v->setProperty ("images", images);
    v->setProperty ("info", info);

    return JSON::toString (var (v.get()));
}

#12

if you’re like me and you can’t figure out how to write json to disk using the JSON::writeToStream() static methods, you can do this:

File g = yourFile;
g.replaceWithText( juce::JSON::toString( yourJSONvar ) );

#13

Yep, nothing wrong with that!


#14

There have been so many times I wished we could do this!

something ["name"] = "Sally";

Both for var and ValueTree


#15

Why hasn’t it been added?

can’t you just overload the operator to create the property if it doesn’t exist?


#16
const var& var::operator[] (const Identifier& propertyName) const
{
    if (DynamicObject* const o = getDynamicObject())
        return o->getProperty (propertyName);

    return getNullVarRef();
}

this is the method in question.

Seems like we just need to change the getNullVarRef() line to something that creates a dynamic object, and populates it with propertyName

maybe something like this: ?

const var& var::operator[] (const Identifier& propertyName) const
{
    if (DynamicObject* const o = getDynamicObject())
        return o->getProperty (propertyName);

    auto newOb = DynamicObject();
    newOb.setProperty( propertyName, "" );
    append( newOb );
    return this[propertyName];
    
}

#17

Well, the var might have been something meaningfull, that you lose if you just turn it into a dynamic object…

var something = 5;
something ["name"] = "Sally";

In your case my 5 was gone…

The problem is not that the property didn’t exist, it is that the var thing stored in var cannot have properties.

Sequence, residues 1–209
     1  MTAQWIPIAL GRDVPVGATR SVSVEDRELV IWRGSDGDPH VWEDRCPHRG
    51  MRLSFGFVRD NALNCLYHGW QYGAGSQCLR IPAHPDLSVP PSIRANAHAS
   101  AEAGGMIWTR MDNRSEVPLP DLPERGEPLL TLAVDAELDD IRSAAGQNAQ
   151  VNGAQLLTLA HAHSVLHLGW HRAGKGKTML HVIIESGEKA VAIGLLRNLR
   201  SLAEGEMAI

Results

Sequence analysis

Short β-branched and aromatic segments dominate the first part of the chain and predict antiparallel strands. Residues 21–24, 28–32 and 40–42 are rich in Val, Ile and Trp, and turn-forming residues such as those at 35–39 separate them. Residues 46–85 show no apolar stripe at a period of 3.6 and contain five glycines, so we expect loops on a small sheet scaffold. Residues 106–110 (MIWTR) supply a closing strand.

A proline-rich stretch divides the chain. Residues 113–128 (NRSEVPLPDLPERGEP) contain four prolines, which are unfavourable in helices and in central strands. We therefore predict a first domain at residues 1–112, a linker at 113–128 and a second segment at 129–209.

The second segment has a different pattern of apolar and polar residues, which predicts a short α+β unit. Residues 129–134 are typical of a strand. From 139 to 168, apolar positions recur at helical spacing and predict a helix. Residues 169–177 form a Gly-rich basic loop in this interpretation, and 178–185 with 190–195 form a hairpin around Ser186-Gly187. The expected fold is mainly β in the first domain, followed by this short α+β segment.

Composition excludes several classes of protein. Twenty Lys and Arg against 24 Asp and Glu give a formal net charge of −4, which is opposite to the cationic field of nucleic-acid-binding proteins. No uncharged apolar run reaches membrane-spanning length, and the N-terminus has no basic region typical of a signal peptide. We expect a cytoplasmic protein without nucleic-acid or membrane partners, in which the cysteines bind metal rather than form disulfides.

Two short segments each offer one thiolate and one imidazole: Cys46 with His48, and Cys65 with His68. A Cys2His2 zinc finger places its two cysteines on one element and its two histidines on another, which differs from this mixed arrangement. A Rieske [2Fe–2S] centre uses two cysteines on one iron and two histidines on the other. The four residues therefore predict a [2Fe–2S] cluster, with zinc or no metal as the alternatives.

I’d rather expect it to throw an exception or something similar…

But there should be a solution to that

EDIT: It keeps to bite me in the back, it needs to also add a property, when it didn’t exist already…


#18

I did a kludgy patch to make that work, here attached.
The problem is I cannot return a const var getNullValueReference(), because you cannot assign something to it.
As a workaround I create a static non const var, that swallows the assigned content.

Maybe @Jules has a better idea? Please… :wink:

assignablePropertiesPatch.txt (5.4 KB)


#19

Yes: give up!

The language just doesn’t lend itself to something like this. I don’t know if the standards committee would ever consider adding something like operator[]= but without something like that, trying to cleanly implement assignment in this way is just nasty, involving messy intermediary objects, caveats for the way it should be used, and performance penalties.


#20

That’s not what I wanted to hear…

But I think there is nothing wrong with returning a non const reference to the properties, so the operator= already does the job…
Also the non const version is only called, if an assignement is to be made, otherwise it would choose the const version? So it would be ok to add a var() for assigning the value to.

The only problem is, if the var is not a DynamicObject. Then you are already in the assignement, you can’t bail out…

It could be so good…